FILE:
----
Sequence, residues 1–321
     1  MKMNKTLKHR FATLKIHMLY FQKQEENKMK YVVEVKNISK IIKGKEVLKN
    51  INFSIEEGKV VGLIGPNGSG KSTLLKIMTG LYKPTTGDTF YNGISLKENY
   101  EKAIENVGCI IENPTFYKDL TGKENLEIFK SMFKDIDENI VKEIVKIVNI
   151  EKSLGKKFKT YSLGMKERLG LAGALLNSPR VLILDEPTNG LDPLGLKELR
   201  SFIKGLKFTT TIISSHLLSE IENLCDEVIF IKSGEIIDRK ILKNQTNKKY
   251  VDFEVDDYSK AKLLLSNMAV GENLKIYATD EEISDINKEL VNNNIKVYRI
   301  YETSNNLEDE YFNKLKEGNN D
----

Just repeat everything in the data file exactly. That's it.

Sequence, residues 1–321
     1  MKMNKTLKHR FATLKIHMLY FQKQEENKMK YVVEVKNISK IIKGKEVLKN
    51  INFSIEEGKV VGLIGPNGSG KSTLLKIMTG LYKPTTGDTF YNGISLKENY
   101  EKAIENVGCI IENPTFYKDL TGKENLEIFK SMFKDIDENI VKEIVKIVNI
   151  EKSLGKKFKT YSLGMKERLG LAGALLNSPR VLILDEPTNG LDPLGLKELR
   201  SFIKGLKFTT TIISSHLLSE IENLCDEVIF IKSGEIIDRK ILKNQTNKKY
   251  VDFEVDDYSK AKLLLSNMAV GENLKIYATD EEISDINKEL VNNNIKVYRI
   301  YETSNNLEDE YFNKLKEGNN D